Chemical engineer David Edwards is famed for his ‘breathable food‘ invention, and now plans to develop and commercialise a new idea: edible packaging.
The invention, called WikiCells, is derived from nature’s very own packaging system: its digestible skin. Potatoes, tomatoes, apples… they all have an edible exterior protecting the fruit within. Even lemon peel ends up eaten in the form of zest.
According to the WikiCells website, small particles of chocolate, dried fruit, nuts, seeds and other natural – edible – substances are used to create a packaging to protect soft foods such as cheese, yoghurt and even ice cream, which the company plans to market to a French audience later this year.
So far the team has experimented with a gazpacho-stuffed tomato membrane, a wine-filled grape-like shell and an orange juice-protecting shell. According to Edwards, an edible milk bottle is not out of the realms of possibility, either.
“No wrappers. No plastic. No artificial anything. Just all natural everything,” reads the WikiCells website. Are you eco-conscious enough to eat your own packaging?
Sure, human hair can be re-purposed in any number of weird ways (check out these 25, from Holy Taco), but a few new developments show that it can be at least partly useful, too.
Swedish designer Ola Giertz has created some fetching pouffes with recycled PET bottles and, yep, human hair, to create an altogether silkier seating experience. Meanwhile, students from the Royal College of Art have taken plant-based bioresin and hair trimmings to create ‘Hair Glasses’ – hipster-worthy eyewear without using a single drop of petroleum.
Or what about this, erm, charming dress, created by hairdresser Jodie Breeds? It seems beauty pageants are becoming more sustainability-conscious, with this outfit destined for the ‘Environmentally Friendly Dress’ round of this year’s Miss England contest.
With the average person’s hair growing around 6 inches every year, there certainly no shortage of this resilient and versatile material. How long until it someone creates an even more useful purpose for it?
Convicted criminals are not generally known for ‘giving something back to the community’, but an innovative new programme at a Brazilian prison is set to change that, for the benefit of prisoners and the environment.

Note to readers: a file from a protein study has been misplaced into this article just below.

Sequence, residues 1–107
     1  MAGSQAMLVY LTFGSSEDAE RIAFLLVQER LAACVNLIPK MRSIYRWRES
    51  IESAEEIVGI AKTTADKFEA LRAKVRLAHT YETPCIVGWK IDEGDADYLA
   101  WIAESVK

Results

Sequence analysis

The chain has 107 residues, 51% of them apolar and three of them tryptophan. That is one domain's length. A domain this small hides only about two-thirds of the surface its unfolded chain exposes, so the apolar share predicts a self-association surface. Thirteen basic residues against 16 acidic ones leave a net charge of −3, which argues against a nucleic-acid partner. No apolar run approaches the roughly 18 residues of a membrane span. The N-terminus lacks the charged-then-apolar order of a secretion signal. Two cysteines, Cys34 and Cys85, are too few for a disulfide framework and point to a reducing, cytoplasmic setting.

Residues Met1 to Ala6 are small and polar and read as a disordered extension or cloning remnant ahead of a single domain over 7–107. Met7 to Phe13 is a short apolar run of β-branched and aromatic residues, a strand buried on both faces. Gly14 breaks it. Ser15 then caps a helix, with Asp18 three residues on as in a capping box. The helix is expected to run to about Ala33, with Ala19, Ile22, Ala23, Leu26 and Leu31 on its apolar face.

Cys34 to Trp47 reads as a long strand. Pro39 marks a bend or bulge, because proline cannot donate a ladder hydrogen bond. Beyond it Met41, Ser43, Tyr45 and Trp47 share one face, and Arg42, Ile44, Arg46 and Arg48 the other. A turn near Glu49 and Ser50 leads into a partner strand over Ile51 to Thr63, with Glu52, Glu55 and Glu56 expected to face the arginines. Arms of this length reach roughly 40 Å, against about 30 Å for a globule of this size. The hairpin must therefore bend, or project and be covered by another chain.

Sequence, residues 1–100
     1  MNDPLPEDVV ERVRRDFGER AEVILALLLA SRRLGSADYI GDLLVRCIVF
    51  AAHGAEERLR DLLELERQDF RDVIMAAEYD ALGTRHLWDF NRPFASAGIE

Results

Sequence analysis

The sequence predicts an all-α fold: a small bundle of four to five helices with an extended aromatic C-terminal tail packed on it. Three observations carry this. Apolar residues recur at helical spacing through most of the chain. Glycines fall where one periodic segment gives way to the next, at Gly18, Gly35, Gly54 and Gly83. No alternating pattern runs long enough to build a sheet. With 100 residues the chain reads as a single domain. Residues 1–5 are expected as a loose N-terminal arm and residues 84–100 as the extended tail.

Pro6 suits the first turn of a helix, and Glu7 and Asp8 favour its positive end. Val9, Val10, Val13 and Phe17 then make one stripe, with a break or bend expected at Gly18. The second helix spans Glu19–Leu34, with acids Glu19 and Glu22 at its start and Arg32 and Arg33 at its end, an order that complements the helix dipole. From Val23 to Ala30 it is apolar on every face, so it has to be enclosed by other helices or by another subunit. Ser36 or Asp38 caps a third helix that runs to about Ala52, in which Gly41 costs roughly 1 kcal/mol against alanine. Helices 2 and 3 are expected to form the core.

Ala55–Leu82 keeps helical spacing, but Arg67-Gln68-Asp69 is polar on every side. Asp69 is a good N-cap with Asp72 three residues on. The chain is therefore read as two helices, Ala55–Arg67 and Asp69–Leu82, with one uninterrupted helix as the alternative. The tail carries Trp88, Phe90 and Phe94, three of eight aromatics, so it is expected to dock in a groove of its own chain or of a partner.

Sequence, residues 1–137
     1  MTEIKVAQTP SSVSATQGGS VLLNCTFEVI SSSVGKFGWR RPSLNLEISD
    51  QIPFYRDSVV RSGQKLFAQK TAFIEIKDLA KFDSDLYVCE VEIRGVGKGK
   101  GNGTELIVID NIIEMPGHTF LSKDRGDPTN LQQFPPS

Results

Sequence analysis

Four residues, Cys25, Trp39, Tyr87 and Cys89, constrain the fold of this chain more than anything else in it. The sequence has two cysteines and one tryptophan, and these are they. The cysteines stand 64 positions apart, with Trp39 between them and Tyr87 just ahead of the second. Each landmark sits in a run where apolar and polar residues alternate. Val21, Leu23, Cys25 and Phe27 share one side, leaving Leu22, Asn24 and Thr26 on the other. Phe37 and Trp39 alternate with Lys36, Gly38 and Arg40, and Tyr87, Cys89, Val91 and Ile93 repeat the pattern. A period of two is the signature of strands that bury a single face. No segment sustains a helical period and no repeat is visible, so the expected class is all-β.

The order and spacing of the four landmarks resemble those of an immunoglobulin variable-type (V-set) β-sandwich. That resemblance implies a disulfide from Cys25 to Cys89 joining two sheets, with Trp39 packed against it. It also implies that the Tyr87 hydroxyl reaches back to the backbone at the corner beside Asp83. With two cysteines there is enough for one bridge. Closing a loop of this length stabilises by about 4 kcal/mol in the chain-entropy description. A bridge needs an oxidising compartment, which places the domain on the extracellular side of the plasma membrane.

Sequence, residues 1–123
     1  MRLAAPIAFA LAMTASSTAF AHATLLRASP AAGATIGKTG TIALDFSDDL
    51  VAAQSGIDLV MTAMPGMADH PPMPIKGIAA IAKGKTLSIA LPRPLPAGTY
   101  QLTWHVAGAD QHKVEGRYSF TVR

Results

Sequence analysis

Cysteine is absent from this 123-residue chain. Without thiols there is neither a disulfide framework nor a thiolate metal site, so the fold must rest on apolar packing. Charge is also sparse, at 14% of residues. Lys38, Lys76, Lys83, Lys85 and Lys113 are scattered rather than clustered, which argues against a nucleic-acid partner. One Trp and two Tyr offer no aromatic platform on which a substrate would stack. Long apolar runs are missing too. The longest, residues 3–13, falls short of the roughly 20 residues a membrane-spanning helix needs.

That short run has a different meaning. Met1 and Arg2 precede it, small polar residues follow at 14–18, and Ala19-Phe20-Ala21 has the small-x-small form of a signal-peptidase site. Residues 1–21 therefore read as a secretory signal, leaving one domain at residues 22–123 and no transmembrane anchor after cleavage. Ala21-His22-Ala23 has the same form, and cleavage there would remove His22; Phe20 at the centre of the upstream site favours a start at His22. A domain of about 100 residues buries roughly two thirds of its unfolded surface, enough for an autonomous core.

On the suggestion of a local judge, Brazil’s Santa Rita do Sapucaí prison has installed electricity-generating stationary bikes, allowing them to keep active while producing energy to power city streetlights, thereby enriching the community for everyone.
Their incentive? For every 16 hours spent pedalling, prisoners can shave a day off their sentences.
The initiative isn’t mandatory, but has proven so popular that the prison is adding eight new bikes. The total 10 bikes will produce enough energy to illuminate an entire avenue in the city centre.
Electric cars aren’t the fastest vehicles on the road, but because their direct drive electric motor means that – in theory – they can travel as fast backwards as they can forwards, very few traditional motors can match them in reverse.
This claim was put to the test at the Goodwood Festival of speed, where Nissan – to promote its new all-electric LEAF model – hired pro driver Terry Grant to attempt a new record for the fastest car to travel a mile in reverse.
Terry hurtled into the Guinness World Records after covering a mile of uphill bends and 90 degree corners in just 1 minute 37.02 seconds.
“There were times I wasn’t sure I was coming or going,” said Terry. “However, thanks to the Leaf’s low centre of gravity – the batteries are an integral part of the car’s floor – the car is extremely stable, no matter which direction it’s travelling. The only complaint I have is slight neck ache from constantly looking over my shoulder.”
Considering how many people struggle to simply parallel park, Terry’s skills should be highly commended.
Check out Nissan’s promo for the impressive attempt:
The agriculture industry is thought to be responsible for around eight percent of all British greenhouse gas emissions, thanks mainly to the less-than-fresh releases from cattle and other farm animals. But the exact figure is unknown. After all, how straightforward would it be to measure the methane escaping from a cow’s derriere?
As the government is committed to reducing greenhouse gases by 34 percent by 2020 compared to 1990 levels, Defra has asked a team of experts from the National Physical Laboratory in Teddington to develop an accurate way of measuring the flatulence from a herd of cows. The endeavor will be part of a £12.6m project into understanding how farming leads to climate change.
To reliably measure the gas, scientists plan to use lasers to monitor the atmosphere across an entire field.
Alan Brewin, who is overseeing the project, told The Telegraph: “We use lasers to interact with the gas in the field. The way the light is absorbed tells you what gas there is, how much of it there is, which direction it is flowing in and how fast.”